THE PROPOSAL in this week's Green Paper on local government that the Dublin Transport Authority (DTA) is to be chaired by whoever becomes the capital's first directly-elected mayor will compensate only partly for a significant democratic deficit in the authority's composition.
The Minister for the Environment, John Gormley, said he had got the agreement of his colleague, Minister for Transport Noel Dempsey, that the mayor would chair the DTA - in 2011; as currently framed, this powerful new body would be headed by a ministerial appointee.
The Dublin Transport Authority Bill, published last week, provides that none of the 10 members of the authority would be elected representatives, and that only four of the 12 on its advisory council would be members of the Dublin and Mid-East regional authorities. The rest would all be appointees of the Minister for Transport - chosen, the Bill says, on the basis of their expertise in "relevant disciplines", such as finance, transport or planning - as well as ex-officio members such as Dublin city manager John Tierney.
Lest there be any impression that the DTA is not a creature of central government, there are no less than 230 direct references to the Minister in its 78 pages - mainly dealing with his powers to order the affairs of the authority; in this respect, it is par for the course. Establishment of the DTA, according to the explanatory memorandum, "will ensure, for the first time, that there is a single, properly accountable body with overall responsibility for surface transport in the Greater Dublin Area" (GDA), which includes Meath, Kildare and Wicklow.
Its general functions will include strategic transport planning, provision of public transport services and infrastructure and traffic management. It will also take over responsibility from the Railway Procurement Agency (RPA) for the thorny issue of introducing integrated ticketing. But the RPA will stay in business, with continuing responsibility for the delivery of Luas and metro projects. Indeed, the agency fought an evidently successful bureaucratic battle against an earlier, apparently firm proposal that it would simply be subsumed into the DTA.
The only body that is to be dissolved under the Legislation is the Dublin Transportation Office, which has performed a co-ordinating role for transport in the region and was also the originator of the metro plan - now causing "wigs on the Green" as details of its design emerge.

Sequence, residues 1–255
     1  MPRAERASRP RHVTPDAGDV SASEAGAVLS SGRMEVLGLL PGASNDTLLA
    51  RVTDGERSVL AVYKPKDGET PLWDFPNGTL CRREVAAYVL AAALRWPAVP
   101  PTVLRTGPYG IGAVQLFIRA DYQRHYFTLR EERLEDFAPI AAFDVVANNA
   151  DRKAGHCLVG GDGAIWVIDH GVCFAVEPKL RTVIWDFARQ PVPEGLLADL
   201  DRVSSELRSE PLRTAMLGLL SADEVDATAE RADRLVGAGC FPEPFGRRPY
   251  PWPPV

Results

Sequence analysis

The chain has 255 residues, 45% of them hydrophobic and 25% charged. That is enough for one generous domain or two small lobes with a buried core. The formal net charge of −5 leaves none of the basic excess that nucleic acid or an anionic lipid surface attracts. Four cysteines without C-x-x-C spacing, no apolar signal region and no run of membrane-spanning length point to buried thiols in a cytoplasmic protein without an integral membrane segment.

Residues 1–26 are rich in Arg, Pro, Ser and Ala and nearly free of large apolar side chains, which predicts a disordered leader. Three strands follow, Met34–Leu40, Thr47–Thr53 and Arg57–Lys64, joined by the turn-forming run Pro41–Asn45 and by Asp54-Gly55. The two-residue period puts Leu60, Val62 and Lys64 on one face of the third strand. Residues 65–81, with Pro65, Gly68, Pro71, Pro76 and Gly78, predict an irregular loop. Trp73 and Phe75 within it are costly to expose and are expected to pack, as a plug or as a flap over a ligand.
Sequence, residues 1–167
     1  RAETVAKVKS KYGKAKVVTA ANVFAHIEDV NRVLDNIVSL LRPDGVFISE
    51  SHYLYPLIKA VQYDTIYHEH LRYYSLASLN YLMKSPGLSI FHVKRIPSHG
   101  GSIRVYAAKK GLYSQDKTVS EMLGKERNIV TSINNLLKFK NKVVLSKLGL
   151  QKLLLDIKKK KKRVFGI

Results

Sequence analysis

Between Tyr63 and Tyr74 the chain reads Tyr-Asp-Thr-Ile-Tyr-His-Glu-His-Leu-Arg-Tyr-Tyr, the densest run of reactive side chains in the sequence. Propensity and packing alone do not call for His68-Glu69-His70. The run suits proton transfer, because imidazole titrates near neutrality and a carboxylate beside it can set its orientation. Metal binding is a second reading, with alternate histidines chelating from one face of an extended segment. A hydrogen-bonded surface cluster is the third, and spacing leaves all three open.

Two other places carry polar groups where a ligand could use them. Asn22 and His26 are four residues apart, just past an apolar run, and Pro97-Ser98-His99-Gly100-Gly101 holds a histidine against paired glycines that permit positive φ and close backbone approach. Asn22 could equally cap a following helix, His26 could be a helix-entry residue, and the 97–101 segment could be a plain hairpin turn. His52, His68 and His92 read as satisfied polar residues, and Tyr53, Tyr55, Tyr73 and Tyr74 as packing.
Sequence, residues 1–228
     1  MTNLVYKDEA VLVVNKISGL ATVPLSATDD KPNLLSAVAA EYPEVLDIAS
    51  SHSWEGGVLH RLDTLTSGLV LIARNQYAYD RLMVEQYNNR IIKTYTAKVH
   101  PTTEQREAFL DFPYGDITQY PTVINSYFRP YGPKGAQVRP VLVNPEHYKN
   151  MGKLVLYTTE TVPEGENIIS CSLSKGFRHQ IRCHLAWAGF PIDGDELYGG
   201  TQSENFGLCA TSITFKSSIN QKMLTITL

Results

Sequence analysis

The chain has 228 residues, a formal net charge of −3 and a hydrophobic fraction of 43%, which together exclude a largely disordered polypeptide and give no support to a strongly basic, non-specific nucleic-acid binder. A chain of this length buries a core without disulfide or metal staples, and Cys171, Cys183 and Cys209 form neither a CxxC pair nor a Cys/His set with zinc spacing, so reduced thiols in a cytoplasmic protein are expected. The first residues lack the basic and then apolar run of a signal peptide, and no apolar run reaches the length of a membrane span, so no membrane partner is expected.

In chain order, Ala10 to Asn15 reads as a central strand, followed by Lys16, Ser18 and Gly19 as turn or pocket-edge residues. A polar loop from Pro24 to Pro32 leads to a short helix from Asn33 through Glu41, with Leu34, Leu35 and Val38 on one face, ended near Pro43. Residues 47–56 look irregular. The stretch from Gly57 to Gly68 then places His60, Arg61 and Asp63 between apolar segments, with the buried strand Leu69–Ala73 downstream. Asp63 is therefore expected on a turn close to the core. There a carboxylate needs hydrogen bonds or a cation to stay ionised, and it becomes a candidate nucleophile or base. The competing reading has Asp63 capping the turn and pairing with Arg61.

The DTA's first duty will be to prepare a six-year transport strategy for the GDA - in consultation with the local authorities as well as the wider community - covering investment in infrastructure, and the procurement and integration of public transport services. In preparing its integrated implementation plan, the DTA will get written guidance from the Minister on "multi-annual funding arrangements", though it will be obliged to have "due regard" for "the most beneficial, effective and efficient use of Exchequer resources". Where possible, the DTA is required to secure the provision of public transport infrastructure through existing agencies, such as the National Roads Authority, the local authorities, Iarnrod Eireann and the RPA - though it will have "step-in" powers, if any of these fail. However, the Bill does nothing to liberalise or open up the Dublin bus market. The "exclusive rights" of Bus Eireann, Dublin Bus and Iarnrod Eireann to operate the services they currently provide are reaffirmed, and the DTA is obliged to award them direct contracts.
One of the most significant provisions of the Bill is the land use planning powers it gives the new agency. In future, there will be an onus on the GDA's seven local authorities to ensure that their development plans are consistent with the DTA's transport strategy. The Dublin and Mid-East regional authorities, though largely powerless, will also be required to include a statement in their regional planning guidelines "explaining how there will be effective integration of transport and land use planning", the memorandum says.
Furthermore, the 2000 Planning Act is being amended to give the Minister for the Environment power to direct any of the GDA's local authorities to review or vary their draft development plan to ensure that its objectives are consistent with the DTA's transport strategy.
Another amendment to the Planning Act will make it easier for the local authorities to refuse planning permission for any development that would be inconsistent with the transport strategy, because they wouldn't risk having to pay compensation to disappointed developers.